In this land of time-passed coastal villages, Zagreb (ZAH-grehb) offers a welcome jolt of big-city sophistication. You can't get a complete picture of modern Croatia without a visit here - away from the touristy resorts, in the lively and livable city that is home to 1 out of every 6 Croatians. Zagreb began as two walled medieval towns, Gradec and Kaptol, separated by a river. As Croatia fell under the control of various foreign powers - Budapest, Vienna, Berlin, and Belgrade - the two hill towns that would become Zagreb gradually took on more religious and civic importance. The two towns merged in 1850 and soon after the railroad connecting Budapest with the Adriatic port city of Rijeka was built through the city. Zagreb prospered. While many Croatian destinations are becoming more popular (think cruise-line stops) Zagreb is an underrated, unsung exception that still feels relatively undiscovered.

We parked our (ruined, sigh) car and made our way to Jelačić Square.
 The "Times Square" of Zagreb bustles with life. Watching crowds pile in and out of trams and seeing the city buzz with activity you feel the energy of an on-the-rise capital of a vibrant new nation.
  It's hard to believe that this once held the townspeople's farms!
 There is a prominent equestrian statue in the square of national hero Josip Jelačić (YOH-seep YEH-lah-cheech) a 19th-century governor who extended citizens' rights and did much to unite the Croats within the Hapsburg Empire. This square is named after him. We walked down Ilica Street, turned right up Tomičeva, and rode the funicular up the hill to Gradec.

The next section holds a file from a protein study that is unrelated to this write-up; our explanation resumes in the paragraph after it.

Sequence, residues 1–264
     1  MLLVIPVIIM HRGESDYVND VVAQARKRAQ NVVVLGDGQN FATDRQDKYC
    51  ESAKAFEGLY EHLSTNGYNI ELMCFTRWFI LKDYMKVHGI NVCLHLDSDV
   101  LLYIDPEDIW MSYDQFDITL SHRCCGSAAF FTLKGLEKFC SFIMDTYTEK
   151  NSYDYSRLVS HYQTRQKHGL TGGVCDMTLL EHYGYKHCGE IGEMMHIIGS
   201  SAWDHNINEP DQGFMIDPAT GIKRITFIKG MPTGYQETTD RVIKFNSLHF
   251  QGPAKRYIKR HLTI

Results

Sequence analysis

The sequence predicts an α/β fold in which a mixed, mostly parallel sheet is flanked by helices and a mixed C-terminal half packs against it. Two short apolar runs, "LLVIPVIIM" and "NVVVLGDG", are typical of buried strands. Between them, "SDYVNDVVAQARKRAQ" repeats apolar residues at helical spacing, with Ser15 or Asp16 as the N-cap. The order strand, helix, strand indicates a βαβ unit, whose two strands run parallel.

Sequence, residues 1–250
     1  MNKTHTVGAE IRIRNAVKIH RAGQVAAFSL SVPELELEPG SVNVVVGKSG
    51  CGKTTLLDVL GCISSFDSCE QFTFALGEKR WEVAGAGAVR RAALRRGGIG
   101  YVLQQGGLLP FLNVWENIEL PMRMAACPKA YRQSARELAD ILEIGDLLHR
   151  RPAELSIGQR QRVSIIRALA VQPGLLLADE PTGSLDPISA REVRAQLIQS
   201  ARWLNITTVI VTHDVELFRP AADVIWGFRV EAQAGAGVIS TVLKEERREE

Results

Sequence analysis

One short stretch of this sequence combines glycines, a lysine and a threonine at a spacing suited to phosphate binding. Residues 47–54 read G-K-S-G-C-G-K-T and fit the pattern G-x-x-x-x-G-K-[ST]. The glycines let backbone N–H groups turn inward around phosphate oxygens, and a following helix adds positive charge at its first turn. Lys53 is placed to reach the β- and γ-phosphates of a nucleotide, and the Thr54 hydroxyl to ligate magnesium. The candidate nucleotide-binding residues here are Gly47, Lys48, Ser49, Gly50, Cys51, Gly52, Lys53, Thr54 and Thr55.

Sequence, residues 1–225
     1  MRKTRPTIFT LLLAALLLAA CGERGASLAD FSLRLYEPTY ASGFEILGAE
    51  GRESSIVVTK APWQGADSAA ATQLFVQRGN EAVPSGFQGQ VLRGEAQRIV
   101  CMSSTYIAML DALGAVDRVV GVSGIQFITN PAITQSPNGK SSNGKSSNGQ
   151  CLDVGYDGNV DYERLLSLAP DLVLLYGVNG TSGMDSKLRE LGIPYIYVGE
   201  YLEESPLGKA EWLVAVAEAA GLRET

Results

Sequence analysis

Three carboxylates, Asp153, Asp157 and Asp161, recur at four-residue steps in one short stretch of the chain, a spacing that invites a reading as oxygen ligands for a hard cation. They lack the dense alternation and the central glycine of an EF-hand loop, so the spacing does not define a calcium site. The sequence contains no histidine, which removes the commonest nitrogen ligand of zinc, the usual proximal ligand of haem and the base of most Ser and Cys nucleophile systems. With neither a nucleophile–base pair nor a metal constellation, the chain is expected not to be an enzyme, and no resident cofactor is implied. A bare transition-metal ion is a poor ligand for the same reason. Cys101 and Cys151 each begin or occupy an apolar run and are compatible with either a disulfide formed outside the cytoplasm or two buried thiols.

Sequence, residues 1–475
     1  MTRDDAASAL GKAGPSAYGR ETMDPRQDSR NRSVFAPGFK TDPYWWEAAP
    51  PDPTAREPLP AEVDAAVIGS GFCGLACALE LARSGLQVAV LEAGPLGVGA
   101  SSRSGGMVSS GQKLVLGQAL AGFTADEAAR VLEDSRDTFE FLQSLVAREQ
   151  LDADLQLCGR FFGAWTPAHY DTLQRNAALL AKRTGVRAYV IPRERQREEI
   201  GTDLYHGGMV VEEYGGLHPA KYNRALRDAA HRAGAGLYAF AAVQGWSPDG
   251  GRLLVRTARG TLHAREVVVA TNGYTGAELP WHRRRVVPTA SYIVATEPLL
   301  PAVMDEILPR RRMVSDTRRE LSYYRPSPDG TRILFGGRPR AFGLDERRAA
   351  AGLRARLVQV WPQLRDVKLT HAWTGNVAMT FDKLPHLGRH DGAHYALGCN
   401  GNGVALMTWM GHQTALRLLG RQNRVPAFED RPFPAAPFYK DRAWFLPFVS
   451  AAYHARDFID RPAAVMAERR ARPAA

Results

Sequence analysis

The tall tower at the top is the Burglars' Tower. After the Tatars ransacked Central Europe in the early 13th century, King Béla IV decreed that towns be fortified - so Gradec built a wall and guard towers just like Kraków and Budapest did. Every day a noon a cannon at the top of the tower fires a shot, supposedly to commemorate a 15th-century victory over the besieging Ottomans. The right picture is Stone Gate.

We got an amazing view of Zagreb. There was a storm brewing in the not-too-far distance.
 At the end of the block we came to St. Mark's Square and the Church of St. Mark. The original church here was from the 13th century, but only a few fragments remain. The present church's colorful tile roof, from 1880, depicts two coats of arms.

Inside Stone Gate (pictured three above) is an evocative chapel. The focal point is a painting of Mary (top right) that miraculously survived a major fire in the adjoining house in 1731. When the medieval gate was reconstructed in the Baroque style, they decided to turn it into a makeshift chapel.